Whey and immunity
Having a healthy and functioning immune system is like having a strong army, rested and prepared to defend us from daily aggressive agents, which will be some types of bacteria, viruses and other substances foreign to our body. Whey or whey proteins stand out for their nutritional richness, and scientific studies reveal that they can play a fundamental role in strengthening our immune system.
Having a healthy and functioning immune system is like having a strong army, rested and prepared to defend us from daily aggressive agents, which will be some types of bacteria, viruses and other substances foreign to our body. The immune system is a complex and fascinating world, but for now we will focus on proteins and understand their important role.
As one of the basic macronutrients in food, proteins are essential for the human body. When digested, the amino acids are broken into small blocks, which participate in hundreds of processes essential to life, from the formation of our DNA, through the growth and repair of tissues to the maintenance and functioning of all our metabolic processes, including the immune system.
Talking about the functions or benefits of proteins is a very simplified and generalized version of what is really going on. In fact, proteins are not all the same, and their function depends on the amino acids that make them up. Its biological value, therefore, varies according to the type and percentage of amino acids present.
When we think about the immune system, we must give greater prominence to certain amino acids. There is already scientific evidence to support the importance of the branched-chain amino acids (BCAAs) of glutamine and cysteine.
Considering the different proteins present in the diet, and because it is a concentrated product, whey or whey proteins stand out for their nutritional richness.
What are Whey Proteins?
Widely publicised and known in the world of fitness and sport, its benefits go well beyond physical performance.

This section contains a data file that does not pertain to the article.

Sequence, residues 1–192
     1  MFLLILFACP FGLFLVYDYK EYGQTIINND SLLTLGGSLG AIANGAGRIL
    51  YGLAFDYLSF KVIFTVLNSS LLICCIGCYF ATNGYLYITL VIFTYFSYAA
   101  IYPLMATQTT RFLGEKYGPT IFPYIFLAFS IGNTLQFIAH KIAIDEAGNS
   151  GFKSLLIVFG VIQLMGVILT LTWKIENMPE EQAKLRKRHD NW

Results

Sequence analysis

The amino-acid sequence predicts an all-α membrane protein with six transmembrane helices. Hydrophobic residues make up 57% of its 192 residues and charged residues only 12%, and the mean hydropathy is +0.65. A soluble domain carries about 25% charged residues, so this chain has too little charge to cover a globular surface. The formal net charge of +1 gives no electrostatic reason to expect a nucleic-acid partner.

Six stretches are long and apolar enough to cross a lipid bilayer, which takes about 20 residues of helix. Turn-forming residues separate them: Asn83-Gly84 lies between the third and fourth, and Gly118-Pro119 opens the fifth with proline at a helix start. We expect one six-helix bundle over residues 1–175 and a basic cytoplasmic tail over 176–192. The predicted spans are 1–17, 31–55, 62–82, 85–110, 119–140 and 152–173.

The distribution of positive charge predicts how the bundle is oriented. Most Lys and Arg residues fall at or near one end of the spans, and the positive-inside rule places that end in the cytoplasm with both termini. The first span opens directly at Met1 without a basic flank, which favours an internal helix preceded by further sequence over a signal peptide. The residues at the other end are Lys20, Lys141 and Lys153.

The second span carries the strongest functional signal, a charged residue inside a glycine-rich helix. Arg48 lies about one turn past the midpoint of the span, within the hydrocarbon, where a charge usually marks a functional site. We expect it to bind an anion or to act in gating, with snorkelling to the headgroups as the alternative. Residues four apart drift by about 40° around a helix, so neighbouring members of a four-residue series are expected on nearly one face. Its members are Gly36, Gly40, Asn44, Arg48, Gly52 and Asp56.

Whey proteins are extracted during the cheese making process after rennet separation. It is estimated that its use goes back to 8,000 BC, and that Hippocrates used this serum in his patients as an immune booster.
Currently this process is done in a closed circuit of maximum hygiene where the serum is micro-filtered, reaching a final product with high purity.
he benefits obtained at sports level, more specifically in the recovery and gains in muscle mass, encouraged studies that ended up revealing other potentialities of whey proteins. Over the past decade, an increasing number of studies have clarified the composition and function of some of its constituents.
When whey proteins are processed by micro-filtration and at low temperature, there is the presence of bioactive peptides that also have a significant immunostimulating action. In its composition we can find about 50% Beta-lactoglobulin, 20% Alpha-Lactalbumin, 10-15% Immunoglobulins and 1-2% Lactoferrin.
Several studies carried out by scientists in the field of nutrition and medicine have shown benefits in immunity (1,2,3), especially for Lactoferrin. One of these studies showed that the oral administration of Lactoferrin has the potential to mitigate the effects of pneumonia, by inhibiting the infiltration of inflammatory cells in the lung. Another of these protein fractions of importance to the immune system are immunoglobulins. These can bind to harmful agents and neutralize them. For this reason, the immunoglobulins contained in whey can support the immune system of vulnerable population groups such as children, the elderly and patients with compromised immune systems.
This immunostimulating function has also been studied in nutritional support in cases of HIV infection, where whey proteins protect against the harmful effects of high levels of pro-oxidant substances promoted by the disease.
Because of their cysteine richness, whey proteins significantly increase glutathione production – one of the most powerful antioxidant defense systems we have.
At a time when more than ever our immunity must be valued and enhanced, whey proteins can present themselves as a great complement to the diet, providing nutritional support, especially to the most weakened populations.